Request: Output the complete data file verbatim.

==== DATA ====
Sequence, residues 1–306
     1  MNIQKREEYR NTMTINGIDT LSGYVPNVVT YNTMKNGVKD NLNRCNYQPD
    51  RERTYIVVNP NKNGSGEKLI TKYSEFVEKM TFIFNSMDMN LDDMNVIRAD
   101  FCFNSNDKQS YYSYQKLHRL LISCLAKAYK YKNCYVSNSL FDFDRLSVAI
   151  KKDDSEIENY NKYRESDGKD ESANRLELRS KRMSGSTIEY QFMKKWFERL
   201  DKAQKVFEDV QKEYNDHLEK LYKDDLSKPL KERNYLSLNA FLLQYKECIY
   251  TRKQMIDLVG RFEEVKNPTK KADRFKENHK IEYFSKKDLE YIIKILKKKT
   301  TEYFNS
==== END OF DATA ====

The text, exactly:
Sequence, residues 1–306
     1  MNIQKREEYR NTMTINGIDT LSGYVPNVVT YNTMKNGVKD NLNRCNYQPD
    51  RERTYIVVNP NKNGSGEKLI TKYSEFVEKM TFIFNSMDMN LDDMNVIRAD
   101  FCFNSNDKQS YYSYQKLHRL LISCLAKAYK YKNCYVSNSL FDFDRLSVAI
   151  KKDDSEIENY NKYRESDGKD ESANRLELRS KRMSGSTIEY QFMKKWFERL
   201  DKAQKVFEDV QKEYNDHLEK LYKDDLSKPL KERNYLSLNA FLLQYKECIY
   251  TRKQMIDLVG RFEEVKNPTK KADRFKENHK IEYFSKKDLE YIIKILKKKT
   301  TEYFNS